You mentioned that you work six days a week, sometimes 13-14 hours a day. What is your motivation for working such long hours? 

My motivation is my five children. I want to be able to support their education and see them succeed. They are already very successful in their careers. For example, one is an English teacher and another is an accountant.

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(En español)

Luz Maria Rivera tiene una cara familiar de Potrero. Casi todos los días, se puede verla detrás del mostrador de Super Ceymi, ayudando a los clientes con todo – recetas, el horario de autobuses, y direcciones. Aquí la tienen un poco más de su historia…

De donde es usted y como llegó en Potrero? 

Soy de San José, pero me mudé a Potrero con mi esposo y mis hijos por trabajo. Mi cuñado posee Super Ceymi, y he trabajado allí por 13 anos.

Cuál es la historia de Super Ceymi? 

El Supermercado Ceymi era el único super en Potrero por unos tres o cuatro años. Empezó como negocio pequeño, solo con piso de cementes y productos locales para ofrecer. Pero pronto, distribuidores grandes como Dos Pinos empezaron a venir a Potrero para repartir productos a Super Ceymi. Ahora la tienda tiene 18 años.

Porque es diferente Super Ceymi de negocios similares? 

1.) Tiene más variedad de productos. 2.) Tiene un punto muy céntrico, entonces la gente suela entrar con preguntas. Todo el tiempo ayudamos a la gente con el horario de autobús o direcciones a la playa. 3) Tenemos buen servicio al cliente y tratamos bien a los clientes con educación.

Ha mencionado que usted trabaja seis días de la semana y 13-14 horas algunas días. Cuál es su motivación para trabajar tantas horas largas? 

Mi motivación son mi cinco hijos. Quiero poder mantenerlos en sus educación para que tengan éxito. Ya son muy exitosos; uno es profesor de ingles y otro es contaduría publica.

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Speaking Spanish: A Training Plan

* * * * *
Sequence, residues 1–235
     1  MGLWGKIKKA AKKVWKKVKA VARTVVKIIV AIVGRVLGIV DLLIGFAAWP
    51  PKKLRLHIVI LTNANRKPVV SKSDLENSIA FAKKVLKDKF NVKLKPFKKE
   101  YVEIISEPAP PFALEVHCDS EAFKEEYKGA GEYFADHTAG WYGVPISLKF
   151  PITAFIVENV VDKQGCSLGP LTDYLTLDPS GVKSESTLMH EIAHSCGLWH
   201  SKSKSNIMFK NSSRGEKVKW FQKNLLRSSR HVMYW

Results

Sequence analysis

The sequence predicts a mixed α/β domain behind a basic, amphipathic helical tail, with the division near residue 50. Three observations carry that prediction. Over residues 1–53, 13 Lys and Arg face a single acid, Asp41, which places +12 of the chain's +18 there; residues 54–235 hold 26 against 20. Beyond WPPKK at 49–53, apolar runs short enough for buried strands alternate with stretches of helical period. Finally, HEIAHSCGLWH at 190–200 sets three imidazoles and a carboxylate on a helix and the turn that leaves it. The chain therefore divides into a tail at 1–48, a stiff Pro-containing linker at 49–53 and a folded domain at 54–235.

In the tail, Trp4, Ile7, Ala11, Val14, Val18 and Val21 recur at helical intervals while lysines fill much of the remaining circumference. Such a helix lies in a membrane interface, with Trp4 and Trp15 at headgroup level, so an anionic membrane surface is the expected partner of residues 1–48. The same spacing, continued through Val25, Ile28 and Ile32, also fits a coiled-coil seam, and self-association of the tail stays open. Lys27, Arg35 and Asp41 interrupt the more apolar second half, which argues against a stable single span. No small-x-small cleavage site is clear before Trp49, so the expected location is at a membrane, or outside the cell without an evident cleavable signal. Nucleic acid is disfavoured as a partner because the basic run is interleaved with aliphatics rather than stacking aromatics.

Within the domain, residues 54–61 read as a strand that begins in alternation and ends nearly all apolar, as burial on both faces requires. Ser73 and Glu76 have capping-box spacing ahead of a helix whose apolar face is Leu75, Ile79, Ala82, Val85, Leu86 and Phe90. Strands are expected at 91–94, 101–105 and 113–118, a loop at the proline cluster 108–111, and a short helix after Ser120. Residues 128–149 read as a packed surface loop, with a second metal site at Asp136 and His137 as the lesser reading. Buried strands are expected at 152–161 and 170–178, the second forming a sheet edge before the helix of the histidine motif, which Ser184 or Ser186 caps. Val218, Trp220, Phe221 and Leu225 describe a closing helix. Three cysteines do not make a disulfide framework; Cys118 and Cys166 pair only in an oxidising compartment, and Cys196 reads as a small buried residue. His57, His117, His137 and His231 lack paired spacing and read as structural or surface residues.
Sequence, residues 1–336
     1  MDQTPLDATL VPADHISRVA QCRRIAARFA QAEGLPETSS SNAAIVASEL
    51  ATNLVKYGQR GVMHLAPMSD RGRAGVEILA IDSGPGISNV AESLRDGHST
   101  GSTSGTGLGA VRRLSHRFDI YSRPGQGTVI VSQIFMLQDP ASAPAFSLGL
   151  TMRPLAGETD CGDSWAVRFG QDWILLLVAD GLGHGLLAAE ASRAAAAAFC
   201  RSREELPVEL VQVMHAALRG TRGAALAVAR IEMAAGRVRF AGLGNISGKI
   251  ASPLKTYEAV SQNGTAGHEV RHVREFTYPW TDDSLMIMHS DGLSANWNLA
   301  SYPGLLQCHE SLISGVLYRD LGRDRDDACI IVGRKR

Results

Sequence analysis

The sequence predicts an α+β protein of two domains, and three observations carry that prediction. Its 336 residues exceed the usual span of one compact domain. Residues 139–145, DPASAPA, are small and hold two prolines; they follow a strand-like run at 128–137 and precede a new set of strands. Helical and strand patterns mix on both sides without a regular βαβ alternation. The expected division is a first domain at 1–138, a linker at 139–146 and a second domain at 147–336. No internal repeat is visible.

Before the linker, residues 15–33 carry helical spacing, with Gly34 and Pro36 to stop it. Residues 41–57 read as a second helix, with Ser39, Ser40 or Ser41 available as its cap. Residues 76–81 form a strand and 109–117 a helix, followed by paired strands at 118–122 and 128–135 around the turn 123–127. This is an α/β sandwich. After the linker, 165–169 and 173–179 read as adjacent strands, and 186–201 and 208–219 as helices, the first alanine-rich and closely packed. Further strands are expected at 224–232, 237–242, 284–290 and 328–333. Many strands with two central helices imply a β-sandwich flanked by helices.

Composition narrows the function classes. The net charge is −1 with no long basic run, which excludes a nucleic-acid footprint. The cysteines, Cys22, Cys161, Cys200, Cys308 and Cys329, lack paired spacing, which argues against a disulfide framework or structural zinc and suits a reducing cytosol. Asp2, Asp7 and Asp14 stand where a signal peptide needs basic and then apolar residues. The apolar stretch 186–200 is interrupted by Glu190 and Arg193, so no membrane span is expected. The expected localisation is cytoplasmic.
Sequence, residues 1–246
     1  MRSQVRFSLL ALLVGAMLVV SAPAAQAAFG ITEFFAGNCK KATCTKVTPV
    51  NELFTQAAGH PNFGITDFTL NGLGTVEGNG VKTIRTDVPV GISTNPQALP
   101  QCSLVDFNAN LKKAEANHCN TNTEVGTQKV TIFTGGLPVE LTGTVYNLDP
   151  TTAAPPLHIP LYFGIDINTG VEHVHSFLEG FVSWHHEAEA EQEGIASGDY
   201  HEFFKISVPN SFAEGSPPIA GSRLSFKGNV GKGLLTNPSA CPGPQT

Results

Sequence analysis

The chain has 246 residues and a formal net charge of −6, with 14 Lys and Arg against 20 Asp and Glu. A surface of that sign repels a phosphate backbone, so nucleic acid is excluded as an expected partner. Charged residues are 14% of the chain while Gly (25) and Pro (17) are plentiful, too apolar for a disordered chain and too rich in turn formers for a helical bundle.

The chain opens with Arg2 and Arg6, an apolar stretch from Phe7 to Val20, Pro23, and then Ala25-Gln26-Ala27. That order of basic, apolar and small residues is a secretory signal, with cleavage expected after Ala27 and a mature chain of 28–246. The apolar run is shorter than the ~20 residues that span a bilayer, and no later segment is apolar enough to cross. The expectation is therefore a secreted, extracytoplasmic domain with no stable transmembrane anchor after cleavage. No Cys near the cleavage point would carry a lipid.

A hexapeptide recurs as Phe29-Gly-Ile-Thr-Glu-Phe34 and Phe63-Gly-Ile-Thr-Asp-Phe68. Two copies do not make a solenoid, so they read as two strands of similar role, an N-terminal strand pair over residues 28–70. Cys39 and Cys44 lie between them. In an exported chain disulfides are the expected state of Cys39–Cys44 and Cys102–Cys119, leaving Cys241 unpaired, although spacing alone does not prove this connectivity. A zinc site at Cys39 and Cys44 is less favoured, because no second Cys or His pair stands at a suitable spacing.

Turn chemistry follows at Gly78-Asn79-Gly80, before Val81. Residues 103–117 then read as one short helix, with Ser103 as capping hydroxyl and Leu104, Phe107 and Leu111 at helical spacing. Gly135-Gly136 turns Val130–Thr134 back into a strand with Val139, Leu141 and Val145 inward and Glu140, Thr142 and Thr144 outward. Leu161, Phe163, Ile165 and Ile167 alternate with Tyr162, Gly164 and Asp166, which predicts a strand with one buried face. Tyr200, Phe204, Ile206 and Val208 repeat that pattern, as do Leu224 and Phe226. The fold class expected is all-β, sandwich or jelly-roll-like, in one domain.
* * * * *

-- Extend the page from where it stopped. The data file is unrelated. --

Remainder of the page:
By Mary Cox

I never thought I’d be a runner, but with a training plan and encouragement of friends and family, I found myself at the finish line of more than one half marathon.  Through that experience I came to really understand that with dedication and structured training, I really can accomplish just about anything.  (Don’t look for me in the Olympics anytime soon, though…)

One of the biggest benefits to working here at Abriendo Mentes this summer is having access to excellent Spanish classes.  This drew me to the organization because I decided it was time to finally learn Spanish “for good.”  I’d studied it in high school, college and a little bit last year, but I needed that focused structure and place to really immerse myself.  I needed a training plan!

clases de español

This summer I took Spanish classes 5 days a week, 3-4 hours a day with an excellent Spanish teacher here in Potrero.  I have made excellent progress and can now communicate in and understand Spanish.  I’m no longer afraid to travel around alone because I don’t understand, and I’m even now brave enough to say “!Si, yo hablo Español!”.

To prove it to myself, I spent my last weekend here in Granada, Nicaragua, where they speak much less English.  It was a “graduation trip.”  I made all of my travel arrangements in Spanish, and even got through the travel hiccups that inevitably happen using only Spanish.  I held conversations with people on the bus, the owners of my hotel and people in the streets.  Long conversation is still a challenge, and the Nicaraguan accent made it even harder, but I’m proud of what I could understand and what I have accomplished with my two months of focused Spanish study.

As with running, I’ll need to keep it up when I go home.  I already have plans to get involved in activities that require Spanish, and I’ll continue lessons with my teacher here on Skype (yay for technology!).  I still have a lot to learn, but just like one day I will run a full marathon, one day I will easily have long conversations in Spanish, too.

¡Porque tengo un plan y dedicación, entonces puedo lograr (casi) cualquier cosa!